In the Hebrew Bible, the image of a burden or heavy load signifies oppression and slavery. This is often paired with the metaphor of the yoke — a farm implement used to tie two animals together and amalgamate their strength toward a common purpose. However, if the two animals pull in even slightly different directions, they experience excruciating pain. Thus to be yoked is to be without any freedom of movement or choice, to be completely controlled by an external force. Your strength is harnessed to serve another’s purpose. It is a very apt metaphor for the bondage of enslavement, especially the enslavement the Hebrews experienced in Egypt as they quarried and carried the massive stones that built the pyramids. They were literally crushed beneath the weight of their oppression.
In the New Testament, Jesus uses this same language to speak of the legalism of the religious practice of his time. In Matthew 24 and Luke 11, he uses these metaphors of slavery to describe the legalistic requirements the leaders placed upon people (read Luke 11:46). The religious leaders will not carry the burdens of their brothers and sisters. They have placed the bonds of slavery on the shoulders of the people.
In the Hebrew Bible, the lifting of a burden and the breaking of the yoke are powerful metaphors for deliverance from oppression and liberation from enslavement. God has lifted the burden of oppression. Throughout the prophetic and poetic literature of the Bible, the promise of freedom is expressed in these terms. God is the liberator, the rescuer, the lifter of weights.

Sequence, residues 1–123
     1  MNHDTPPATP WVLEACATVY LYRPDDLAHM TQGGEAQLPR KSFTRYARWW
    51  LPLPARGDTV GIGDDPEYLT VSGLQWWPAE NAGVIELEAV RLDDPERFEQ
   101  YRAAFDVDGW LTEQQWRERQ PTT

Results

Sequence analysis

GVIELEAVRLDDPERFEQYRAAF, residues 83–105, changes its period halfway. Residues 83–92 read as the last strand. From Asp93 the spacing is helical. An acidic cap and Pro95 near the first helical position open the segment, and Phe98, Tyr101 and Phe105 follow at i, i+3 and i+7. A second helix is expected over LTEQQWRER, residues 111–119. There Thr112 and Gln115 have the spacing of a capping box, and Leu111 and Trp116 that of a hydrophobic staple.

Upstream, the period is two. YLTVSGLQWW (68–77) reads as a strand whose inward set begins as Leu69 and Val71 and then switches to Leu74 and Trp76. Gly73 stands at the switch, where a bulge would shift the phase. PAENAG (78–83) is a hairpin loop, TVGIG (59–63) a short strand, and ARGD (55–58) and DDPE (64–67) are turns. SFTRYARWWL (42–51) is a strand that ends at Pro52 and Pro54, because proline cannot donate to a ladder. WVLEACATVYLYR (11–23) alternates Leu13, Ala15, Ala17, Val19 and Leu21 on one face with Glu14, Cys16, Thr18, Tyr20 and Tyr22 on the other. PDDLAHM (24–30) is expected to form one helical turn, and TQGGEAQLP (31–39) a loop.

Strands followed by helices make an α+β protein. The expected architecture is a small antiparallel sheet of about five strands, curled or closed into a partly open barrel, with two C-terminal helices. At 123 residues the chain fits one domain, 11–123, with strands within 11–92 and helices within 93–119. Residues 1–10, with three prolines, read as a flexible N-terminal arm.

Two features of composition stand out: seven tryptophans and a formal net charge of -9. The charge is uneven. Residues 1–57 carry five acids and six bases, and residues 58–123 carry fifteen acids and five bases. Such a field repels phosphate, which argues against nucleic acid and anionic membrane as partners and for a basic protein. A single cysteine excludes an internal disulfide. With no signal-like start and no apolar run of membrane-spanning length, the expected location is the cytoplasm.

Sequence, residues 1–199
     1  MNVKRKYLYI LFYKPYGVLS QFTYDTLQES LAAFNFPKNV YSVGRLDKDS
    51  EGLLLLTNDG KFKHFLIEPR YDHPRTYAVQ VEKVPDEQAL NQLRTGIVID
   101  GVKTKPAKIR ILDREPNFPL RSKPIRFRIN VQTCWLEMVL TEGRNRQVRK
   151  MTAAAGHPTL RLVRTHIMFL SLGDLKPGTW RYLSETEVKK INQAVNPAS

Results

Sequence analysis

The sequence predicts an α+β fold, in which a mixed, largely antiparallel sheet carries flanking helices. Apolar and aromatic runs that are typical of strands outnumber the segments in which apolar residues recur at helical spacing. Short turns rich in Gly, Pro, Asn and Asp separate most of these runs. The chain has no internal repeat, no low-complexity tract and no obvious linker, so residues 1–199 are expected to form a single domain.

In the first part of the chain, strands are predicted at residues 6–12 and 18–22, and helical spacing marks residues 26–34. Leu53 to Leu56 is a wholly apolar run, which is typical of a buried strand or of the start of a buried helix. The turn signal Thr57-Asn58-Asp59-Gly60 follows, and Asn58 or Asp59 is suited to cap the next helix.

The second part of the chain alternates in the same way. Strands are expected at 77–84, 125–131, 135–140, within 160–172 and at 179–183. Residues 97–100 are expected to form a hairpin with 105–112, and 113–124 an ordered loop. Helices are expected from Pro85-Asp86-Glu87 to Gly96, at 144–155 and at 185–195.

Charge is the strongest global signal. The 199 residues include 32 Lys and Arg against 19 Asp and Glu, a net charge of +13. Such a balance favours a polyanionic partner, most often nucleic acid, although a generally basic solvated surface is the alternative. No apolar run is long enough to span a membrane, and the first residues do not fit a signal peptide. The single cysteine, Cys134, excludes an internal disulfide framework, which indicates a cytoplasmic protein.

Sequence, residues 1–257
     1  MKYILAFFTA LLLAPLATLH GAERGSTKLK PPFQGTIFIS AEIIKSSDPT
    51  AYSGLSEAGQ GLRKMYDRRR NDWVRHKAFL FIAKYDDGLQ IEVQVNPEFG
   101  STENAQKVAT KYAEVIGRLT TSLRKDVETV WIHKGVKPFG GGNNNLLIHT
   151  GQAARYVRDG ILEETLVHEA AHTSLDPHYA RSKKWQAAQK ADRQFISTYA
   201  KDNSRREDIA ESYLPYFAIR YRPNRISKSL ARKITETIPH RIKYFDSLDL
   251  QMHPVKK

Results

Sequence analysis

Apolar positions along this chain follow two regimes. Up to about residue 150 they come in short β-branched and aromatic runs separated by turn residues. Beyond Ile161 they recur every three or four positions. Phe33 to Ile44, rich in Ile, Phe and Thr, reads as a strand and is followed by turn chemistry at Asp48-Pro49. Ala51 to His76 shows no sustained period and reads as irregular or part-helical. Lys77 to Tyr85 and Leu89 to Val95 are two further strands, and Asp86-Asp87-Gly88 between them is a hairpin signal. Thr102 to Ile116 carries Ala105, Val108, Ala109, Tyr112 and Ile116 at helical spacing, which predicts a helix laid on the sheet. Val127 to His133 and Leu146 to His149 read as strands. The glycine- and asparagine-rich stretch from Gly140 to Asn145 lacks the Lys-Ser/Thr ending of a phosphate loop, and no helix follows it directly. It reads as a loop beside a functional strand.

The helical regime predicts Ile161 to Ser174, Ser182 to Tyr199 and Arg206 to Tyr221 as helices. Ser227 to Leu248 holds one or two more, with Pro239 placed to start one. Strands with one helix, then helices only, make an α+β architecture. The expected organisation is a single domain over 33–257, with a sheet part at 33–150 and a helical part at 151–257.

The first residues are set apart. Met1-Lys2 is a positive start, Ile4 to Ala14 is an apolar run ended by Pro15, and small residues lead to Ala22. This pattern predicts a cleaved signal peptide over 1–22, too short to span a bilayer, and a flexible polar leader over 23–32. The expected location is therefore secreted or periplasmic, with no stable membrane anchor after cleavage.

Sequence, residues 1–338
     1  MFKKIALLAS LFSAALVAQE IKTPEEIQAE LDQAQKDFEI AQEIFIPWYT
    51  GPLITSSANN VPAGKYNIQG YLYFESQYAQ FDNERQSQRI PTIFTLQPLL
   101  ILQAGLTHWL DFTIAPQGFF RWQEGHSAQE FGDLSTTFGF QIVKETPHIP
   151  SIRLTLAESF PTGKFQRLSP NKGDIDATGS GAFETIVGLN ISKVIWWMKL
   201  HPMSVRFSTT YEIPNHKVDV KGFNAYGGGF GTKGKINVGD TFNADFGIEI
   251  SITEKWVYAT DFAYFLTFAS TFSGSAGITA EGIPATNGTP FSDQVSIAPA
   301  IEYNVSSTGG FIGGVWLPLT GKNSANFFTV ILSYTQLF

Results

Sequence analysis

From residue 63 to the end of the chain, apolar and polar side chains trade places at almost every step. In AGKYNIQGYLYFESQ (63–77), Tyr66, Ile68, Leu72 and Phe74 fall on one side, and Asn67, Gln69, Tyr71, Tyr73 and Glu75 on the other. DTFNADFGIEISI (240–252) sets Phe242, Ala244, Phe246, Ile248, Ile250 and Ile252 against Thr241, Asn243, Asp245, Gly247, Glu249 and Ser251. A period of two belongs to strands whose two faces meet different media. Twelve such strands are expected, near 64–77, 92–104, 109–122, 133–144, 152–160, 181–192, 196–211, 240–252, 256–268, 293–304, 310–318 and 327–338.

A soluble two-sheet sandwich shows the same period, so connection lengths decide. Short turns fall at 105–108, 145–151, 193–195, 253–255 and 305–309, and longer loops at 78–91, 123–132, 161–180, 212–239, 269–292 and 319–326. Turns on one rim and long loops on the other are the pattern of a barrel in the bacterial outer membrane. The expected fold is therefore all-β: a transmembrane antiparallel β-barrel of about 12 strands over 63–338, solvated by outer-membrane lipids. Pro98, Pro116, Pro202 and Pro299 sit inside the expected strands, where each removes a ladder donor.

God has done it in the past, in the exodus (read Psalm 81:6-7a and Isaiah 9:4). God will do it in the future, he will deliver His people from oppression and occupation (read Isaiah 10:27 and 14:25-27). These are solid promises. Christians read these chapters as also a promise of Christ, the liberator and redeemer. These are the chapters of Isaiah that we sing in Handel’s Messiah at Christmastime: “for unto us a child is born . . .” These are the chapters that tell us what Jesus will be about.
And when in Matthew 11, Jesus uses this burden and yoke language, he is explicitly evoking these Hebrew prophesies about the one who will come to liberate the people from oppression. He is the very one who was promised, who will deliver God’s people.
But at the same time, Jesus says something rather strange in Matthew 11. He doesn’t actually say he is breaking the yoke and removing the burden from our shoulders. Instead, he takes the formula of the prophets and reinterprets it. He says that his yoke is easy and his burden is light; the yoke and burden are not gone, they are transformed into a mystical paradox. To be chained to Jesus is to be truly free. What a strange and exhilarating metaphor!
Paul, of course, develops this paradoxical theme of being enslaved to freedom. He was proud to call himself a slave of Christ. And, he also develops the idea of burden bearing. As Jesus makes our own burdens light, we are to become the bearers of each other’s burdens. We are to carry each other’s loads.
As Christians, we can be the shoulders, the hands, the feet, the eyes and the ears of the deliverer, for each other and for the world. We can lift the weight off each other and we can be the burden-bearer of the great liberator Jesus.
FUM Global Ministries Director Eden Grace has recently joined the Richmond staff of FUM after serving for nine years as Field Officer in the Africa Ministries Office in Kisumu. She is a member of New England Yearly Meeting, and is actively involved with the World Council of Churches.